At a time when a straight edge razor drawn across the cheek of Karl S. Williams would have collected no follicle, the young musician heard music that sounded like where he came from. The gently undulating fields of Australian sugar cane, tea tree-logged river banks of his childhood and the dark lush rows of coffee plants stood before him as a working man seemed reminiscent within The Song.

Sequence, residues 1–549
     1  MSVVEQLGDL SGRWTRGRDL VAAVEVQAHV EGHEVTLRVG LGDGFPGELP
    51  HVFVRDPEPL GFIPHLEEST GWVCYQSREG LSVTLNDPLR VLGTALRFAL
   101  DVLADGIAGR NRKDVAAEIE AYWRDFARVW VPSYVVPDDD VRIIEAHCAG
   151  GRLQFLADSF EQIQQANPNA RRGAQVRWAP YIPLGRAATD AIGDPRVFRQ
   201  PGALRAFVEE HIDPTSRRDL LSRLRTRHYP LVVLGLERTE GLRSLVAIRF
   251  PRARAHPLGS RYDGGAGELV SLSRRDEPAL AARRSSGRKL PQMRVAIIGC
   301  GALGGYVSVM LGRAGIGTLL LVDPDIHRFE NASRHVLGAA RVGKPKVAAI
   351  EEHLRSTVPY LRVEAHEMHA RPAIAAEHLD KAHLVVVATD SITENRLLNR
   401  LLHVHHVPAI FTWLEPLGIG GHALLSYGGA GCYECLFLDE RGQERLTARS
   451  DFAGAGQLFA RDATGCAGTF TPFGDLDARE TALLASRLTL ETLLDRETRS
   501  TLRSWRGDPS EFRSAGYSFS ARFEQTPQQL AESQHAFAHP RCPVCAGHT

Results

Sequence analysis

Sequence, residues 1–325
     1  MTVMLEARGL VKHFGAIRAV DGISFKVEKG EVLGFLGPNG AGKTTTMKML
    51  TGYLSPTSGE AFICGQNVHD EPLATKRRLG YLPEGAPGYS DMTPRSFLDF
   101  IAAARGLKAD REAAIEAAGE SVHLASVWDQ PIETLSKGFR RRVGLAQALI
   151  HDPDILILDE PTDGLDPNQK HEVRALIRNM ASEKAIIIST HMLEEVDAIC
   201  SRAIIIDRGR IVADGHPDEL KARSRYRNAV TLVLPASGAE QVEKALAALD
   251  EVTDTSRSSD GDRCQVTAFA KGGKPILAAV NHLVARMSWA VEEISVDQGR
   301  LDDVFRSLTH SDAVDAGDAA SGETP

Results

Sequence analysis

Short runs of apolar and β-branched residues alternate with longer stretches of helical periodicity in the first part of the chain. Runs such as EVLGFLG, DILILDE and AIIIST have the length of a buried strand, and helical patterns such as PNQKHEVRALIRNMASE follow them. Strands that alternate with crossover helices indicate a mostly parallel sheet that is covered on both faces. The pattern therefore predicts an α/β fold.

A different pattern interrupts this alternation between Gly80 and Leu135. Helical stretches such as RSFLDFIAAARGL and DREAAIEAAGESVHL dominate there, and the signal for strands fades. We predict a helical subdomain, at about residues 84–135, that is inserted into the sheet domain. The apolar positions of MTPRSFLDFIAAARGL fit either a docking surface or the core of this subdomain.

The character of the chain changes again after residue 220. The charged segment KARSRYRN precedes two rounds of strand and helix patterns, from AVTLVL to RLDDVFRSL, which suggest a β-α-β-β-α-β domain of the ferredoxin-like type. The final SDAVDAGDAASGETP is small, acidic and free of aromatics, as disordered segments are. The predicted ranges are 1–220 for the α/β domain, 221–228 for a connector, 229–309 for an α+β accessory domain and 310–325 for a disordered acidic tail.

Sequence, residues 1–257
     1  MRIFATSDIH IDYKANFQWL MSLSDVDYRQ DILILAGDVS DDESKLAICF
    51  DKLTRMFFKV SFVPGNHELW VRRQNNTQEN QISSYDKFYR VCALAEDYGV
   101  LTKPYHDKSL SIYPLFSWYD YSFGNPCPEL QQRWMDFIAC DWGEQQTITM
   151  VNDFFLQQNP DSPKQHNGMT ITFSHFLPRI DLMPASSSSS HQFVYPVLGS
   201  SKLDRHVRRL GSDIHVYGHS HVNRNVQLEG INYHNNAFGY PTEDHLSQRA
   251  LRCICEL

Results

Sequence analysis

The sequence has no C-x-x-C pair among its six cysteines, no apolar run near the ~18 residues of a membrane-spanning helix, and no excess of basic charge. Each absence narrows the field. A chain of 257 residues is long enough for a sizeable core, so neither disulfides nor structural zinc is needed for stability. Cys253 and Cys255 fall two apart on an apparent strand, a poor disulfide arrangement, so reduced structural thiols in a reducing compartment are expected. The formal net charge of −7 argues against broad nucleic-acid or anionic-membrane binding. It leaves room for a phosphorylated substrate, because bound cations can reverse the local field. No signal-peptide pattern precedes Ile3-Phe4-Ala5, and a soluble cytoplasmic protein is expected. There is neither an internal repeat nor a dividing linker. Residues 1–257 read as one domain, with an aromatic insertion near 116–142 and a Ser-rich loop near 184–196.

Music like this – that embodies Karl S. Williams – is evoked at the mention of a certain place and time. It was born there, crushed from human experience, distilled with universal soul; shone with the essential human spirit to where it is at once unadorned and yet staggeringly beautiful. Like hope. That Williams couldn’t play a tune – and didn’t come from a family that knew how to make one – was irrelevant. It was too late. It was unavoidable. It was life and death. He recognised healing, and sought to know it backwards. He could do no other thing. Karl’s voice is made from that music; he is a conduit that freely bellows, whispers, soars and intones, across so many octaves, stories of yours and experiences you survived. He has no other choice.